Do you know how we measure water quality?

Do you know how we measure water quality?
July 8, 2021

Louisville Water delivers high-quality water to our customers every day. Our drinking water, which we branded Louisville Pure Tap™, consistently wins awards for its great taste and high quality. But do you know how we do that?

Pure Tap comes from one of our two treatment plants. The Crescent Hill Water Treatment Plant is supplied by water directly from the Ohio River – most of the city’s drinking water comes from here. Our smaller plant, the B.E. Payne Water Treatment Plant, is supplied from groundwater that is naturally filtered through the aquifer.

During the water treatment process, most contaminants are removed via coagulation, sedimentation, disinfection and filtration (see chart). To make sure these steps are successful, we test turbidity, for chlorine, and for coliform during the treatment process and throughout the distribution system.

  • In the disinfection step, chlorine is added to the water kill any pathogens. To keep the water safe as it travels in our distribution system, ammonia is added to the water to provide additional disinfection and to stabilize the disinfectant in the distribution system. Our lab monitors the levels of ammonia and chlorine at the plants and in the distribution system and manages low levels by flushing lines and tanks, and by working with plant operations to be sure the correct ratios are being maintained at the treatment plants.
  • We measure the turbidity of the water, which is a measure of the clarity of the water. While turbidity itself has no health effects, particles that can cause turbidity can provide a vehicle for bacteria and other contaminants.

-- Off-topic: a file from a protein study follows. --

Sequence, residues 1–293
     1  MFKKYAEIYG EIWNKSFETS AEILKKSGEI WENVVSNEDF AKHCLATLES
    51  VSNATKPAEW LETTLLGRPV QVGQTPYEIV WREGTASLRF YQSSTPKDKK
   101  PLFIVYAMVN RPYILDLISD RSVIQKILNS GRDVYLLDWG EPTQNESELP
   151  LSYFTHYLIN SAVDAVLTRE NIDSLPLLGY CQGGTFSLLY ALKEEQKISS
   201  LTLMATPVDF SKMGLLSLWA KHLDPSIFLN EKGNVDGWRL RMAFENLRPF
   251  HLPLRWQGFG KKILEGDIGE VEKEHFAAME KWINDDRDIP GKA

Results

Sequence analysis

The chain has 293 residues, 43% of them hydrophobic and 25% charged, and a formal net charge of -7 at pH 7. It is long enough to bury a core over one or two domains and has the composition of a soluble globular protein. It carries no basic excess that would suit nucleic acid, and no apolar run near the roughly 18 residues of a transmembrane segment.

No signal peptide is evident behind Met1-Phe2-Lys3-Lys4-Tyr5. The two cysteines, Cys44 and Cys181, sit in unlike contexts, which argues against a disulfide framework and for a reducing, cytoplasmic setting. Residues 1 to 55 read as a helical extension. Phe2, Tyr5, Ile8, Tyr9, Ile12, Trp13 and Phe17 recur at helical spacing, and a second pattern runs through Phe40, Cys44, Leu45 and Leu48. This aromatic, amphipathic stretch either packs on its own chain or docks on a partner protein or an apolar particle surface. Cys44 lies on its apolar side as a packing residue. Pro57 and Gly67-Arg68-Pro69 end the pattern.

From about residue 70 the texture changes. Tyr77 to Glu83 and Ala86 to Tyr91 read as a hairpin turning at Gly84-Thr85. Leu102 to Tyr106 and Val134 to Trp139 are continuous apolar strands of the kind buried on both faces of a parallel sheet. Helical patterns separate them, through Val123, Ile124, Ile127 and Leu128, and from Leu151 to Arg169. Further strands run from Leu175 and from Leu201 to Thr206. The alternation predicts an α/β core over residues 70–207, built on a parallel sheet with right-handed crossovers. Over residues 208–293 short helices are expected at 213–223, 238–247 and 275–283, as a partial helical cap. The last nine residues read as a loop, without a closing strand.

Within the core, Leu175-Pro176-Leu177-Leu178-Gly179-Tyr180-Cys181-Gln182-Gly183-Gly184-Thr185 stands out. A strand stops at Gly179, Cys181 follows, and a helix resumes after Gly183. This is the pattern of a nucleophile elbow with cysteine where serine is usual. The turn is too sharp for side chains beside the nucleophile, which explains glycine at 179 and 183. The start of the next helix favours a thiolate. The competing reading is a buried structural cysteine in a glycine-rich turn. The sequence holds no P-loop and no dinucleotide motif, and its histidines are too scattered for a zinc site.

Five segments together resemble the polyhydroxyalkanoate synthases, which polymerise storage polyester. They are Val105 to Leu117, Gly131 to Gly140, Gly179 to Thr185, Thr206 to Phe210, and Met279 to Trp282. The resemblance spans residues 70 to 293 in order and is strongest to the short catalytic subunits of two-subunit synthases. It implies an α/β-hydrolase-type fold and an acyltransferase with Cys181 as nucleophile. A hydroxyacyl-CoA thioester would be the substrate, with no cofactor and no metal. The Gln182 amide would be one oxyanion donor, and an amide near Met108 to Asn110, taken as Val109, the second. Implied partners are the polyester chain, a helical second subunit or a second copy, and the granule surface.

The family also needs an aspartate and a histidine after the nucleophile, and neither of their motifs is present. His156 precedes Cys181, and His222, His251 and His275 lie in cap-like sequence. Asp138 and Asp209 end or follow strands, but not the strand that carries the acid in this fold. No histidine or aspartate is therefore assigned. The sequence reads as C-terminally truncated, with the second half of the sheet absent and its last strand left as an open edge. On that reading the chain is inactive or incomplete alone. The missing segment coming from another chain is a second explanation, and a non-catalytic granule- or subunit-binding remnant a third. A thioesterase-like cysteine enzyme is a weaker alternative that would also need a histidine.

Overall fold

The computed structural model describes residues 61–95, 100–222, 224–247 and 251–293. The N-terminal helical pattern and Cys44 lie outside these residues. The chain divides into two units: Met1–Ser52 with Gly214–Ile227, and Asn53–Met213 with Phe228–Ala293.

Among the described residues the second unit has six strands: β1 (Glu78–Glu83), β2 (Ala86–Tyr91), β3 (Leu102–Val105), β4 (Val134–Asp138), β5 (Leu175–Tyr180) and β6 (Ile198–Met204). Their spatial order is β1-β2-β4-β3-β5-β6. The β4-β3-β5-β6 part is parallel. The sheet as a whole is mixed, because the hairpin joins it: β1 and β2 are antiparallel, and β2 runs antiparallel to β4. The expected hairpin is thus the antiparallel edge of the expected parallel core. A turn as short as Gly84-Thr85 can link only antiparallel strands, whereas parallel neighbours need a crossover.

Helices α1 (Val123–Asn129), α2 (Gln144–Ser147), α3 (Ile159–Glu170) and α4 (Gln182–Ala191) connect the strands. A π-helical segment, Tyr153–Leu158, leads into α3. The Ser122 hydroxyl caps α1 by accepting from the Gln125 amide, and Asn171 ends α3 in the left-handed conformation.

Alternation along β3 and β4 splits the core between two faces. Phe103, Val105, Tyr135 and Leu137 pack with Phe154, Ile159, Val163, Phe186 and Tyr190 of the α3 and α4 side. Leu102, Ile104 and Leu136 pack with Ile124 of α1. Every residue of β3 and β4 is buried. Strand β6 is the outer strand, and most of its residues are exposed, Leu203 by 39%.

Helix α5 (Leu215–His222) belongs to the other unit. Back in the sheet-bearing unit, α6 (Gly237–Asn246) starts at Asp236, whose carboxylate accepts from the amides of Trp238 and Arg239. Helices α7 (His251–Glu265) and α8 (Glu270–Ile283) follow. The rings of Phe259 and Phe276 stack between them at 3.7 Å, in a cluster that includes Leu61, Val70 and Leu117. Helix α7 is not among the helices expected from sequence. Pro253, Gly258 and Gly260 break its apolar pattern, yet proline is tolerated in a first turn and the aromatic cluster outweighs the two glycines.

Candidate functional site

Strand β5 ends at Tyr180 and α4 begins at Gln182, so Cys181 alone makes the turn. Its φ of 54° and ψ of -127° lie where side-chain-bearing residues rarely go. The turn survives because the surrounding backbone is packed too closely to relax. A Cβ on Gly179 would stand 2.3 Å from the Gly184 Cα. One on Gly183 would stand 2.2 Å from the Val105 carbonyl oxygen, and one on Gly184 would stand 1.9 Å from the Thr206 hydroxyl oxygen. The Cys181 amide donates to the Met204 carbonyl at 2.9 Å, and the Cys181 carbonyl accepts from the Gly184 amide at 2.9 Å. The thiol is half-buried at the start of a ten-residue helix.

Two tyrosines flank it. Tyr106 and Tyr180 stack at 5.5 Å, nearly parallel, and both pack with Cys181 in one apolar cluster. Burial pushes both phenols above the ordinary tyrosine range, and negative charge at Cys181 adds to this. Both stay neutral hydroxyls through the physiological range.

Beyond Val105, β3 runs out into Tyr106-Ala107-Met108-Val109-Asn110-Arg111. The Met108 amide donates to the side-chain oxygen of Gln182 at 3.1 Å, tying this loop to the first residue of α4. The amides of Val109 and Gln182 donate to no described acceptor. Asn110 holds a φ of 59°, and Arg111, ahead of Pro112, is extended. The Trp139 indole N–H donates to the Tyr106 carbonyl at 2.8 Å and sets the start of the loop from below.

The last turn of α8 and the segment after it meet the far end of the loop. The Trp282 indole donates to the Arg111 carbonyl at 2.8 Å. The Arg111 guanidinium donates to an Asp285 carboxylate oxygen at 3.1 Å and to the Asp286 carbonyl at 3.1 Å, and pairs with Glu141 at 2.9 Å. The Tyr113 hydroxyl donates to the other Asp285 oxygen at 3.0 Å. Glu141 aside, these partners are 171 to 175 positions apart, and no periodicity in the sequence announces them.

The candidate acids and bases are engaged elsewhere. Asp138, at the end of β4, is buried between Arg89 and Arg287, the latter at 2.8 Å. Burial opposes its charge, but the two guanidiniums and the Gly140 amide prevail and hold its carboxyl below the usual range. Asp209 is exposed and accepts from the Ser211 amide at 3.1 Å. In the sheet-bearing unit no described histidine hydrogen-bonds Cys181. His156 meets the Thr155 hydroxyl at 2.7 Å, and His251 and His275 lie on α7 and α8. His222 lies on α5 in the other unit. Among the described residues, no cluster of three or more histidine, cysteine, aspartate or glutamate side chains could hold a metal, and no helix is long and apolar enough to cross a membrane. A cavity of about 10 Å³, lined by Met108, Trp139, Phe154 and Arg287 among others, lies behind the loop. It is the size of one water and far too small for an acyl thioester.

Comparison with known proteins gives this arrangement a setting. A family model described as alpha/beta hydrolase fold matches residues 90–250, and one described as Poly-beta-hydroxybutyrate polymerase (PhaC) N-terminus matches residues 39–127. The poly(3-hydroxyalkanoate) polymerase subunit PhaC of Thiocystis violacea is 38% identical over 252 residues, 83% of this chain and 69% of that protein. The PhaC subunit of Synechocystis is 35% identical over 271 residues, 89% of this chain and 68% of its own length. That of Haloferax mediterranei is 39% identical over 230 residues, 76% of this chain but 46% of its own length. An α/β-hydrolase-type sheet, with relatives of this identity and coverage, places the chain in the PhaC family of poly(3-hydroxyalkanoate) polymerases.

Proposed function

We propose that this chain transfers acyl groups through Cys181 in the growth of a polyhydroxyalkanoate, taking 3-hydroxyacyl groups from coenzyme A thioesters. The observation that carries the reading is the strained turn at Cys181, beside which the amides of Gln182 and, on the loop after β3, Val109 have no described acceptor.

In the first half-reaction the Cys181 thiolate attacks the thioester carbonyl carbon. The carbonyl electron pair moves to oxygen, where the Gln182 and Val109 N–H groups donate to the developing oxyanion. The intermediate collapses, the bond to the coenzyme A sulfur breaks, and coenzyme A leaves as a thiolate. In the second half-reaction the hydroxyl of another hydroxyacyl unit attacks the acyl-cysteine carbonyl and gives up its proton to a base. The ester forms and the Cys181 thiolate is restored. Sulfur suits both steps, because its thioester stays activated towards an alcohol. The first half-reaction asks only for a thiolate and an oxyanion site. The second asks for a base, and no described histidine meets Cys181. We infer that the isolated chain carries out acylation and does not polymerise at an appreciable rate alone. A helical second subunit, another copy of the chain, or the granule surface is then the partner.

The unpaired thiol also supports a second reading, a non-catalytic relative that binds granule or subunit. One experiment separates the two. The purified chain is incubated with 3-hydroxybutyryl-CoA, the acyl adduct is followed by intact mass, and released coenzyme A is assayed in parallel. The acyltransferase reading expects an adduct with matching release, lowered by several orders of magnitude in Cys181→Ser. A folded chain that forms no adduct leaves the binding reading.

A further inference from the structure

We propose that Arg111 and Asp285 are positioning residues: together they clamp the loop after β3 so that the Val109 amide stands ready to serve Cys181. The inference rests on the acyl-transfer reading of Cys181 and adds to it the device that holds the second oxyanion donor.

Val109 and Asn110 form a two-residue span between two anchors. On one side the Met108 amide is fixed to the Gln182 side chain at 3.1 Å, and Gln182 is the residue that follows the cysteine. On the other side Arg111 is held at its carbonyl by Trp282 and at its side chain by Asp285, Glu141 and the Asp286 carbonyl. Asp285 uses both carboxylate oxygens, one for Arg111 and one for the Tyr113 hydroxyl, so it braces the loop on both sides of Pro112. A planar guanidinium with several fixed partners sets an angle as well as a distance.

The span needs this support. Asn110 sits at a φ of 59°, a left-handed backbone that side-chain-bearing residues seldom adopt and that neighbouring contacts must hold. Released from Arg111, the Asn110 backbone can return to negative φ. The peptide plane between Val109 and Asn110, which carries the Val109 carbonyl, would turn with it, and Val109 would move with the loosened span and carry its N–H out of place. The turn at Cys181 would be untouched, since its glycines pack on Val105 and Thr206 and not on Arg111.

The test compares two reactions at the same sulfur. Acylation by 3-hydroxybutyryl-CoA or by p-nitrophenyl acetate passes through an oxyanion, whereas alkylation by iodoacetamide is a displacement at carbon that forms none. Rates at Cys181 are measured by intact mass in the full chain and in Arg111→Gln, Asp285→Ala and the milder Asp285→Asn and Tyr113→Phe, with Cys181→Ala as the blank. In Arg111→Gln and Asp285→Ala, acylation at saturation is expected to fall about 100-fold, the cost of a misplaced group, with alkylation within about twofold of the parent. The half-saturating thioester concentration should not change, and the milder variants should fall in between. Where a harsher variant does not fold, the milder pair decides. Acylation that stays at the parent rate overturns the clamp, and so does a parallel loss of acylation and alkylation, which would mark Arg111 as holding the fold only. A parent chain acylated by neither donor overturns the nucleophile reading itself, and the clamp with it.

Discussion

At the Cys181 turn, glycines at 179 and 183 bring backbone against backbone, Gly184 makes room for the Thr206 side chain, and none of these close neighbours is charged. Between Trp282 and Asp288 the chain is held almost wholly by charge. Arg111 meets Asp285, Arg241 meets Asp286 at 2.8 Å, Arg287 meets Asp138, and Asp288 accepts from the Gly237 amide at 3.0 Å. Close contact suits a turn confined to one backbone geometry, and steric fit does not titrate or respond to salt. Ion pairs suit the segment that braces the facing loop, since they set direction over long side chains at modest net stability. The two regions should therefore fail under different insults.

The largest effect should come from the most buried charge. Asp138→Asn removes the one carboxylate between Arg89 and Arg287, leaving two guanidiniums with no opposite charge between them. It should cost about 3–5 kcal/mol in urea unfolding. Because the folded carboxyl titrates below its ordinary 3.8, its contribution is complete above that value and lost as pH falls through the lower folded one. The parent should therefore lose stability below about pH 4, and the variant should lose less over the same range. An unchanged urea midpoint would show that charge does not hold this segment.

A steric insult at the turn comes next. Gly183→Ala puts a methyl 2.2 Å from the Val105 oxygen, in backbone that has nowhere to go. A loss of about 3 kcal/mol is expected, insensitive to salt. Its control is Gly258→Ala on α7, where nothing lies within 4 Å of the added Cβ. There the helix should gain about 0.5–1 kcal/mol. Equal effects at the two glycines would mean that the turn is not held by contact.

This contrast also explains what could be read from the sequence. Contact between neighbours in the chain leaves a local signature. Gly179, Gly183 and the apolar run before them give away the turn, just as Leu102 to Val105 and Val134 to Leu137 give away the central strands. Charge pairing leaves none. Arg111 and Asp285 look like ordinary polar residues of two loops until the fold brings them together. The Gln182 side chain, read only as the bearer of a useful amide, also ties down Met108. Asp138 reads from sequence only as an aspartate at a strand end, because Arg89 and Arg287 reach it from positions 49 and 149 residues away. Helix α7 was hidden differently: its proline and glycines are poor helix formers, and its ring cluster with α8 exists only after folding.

• We also test for coliform bacteria, which can indicate the presence of disease-causing organisms.

Louisville Water measures these three metrics at nearly 300 locations throughout the distribution system each month. In addition, our lab conducts more than 200 daily monitoring tests at the water treatment plants and distribution system, which allows us to adjust the treatment system in real time to maintain high-quality water.

Discovering any issues in the distribution systems in real-time also provides us the opportunity to respond to and investigate issues that might trigger customer complaints, which we also track as a measure of whether we are providing high-quality water. Customer complaints usually relate to issues with discolored water, taste, and odor.

  • Discolored water can result from pipe disturbances of sediment containing metals, such as manganese and iron. These issues are normally managed by adequately flushing mains and lines where repairs have taken place.
  • Taste and odors can originate from compounds associated with algae or bacteria in the Ohio River or biofilms in water mains. Chemicals are fed at the treatment plants to address potential taste and odor issues. Maintaining adequate chlorine and ammonia ratios minimizes the potential for biofilms and other bacterial growth in the distribution system.

We release a water quality report every year to our customers that lists what we are testing for, what the levels are for each, and if we are meeting the requirements. And we meet the requirements year after year – here is the 2020 report, in case you missed it.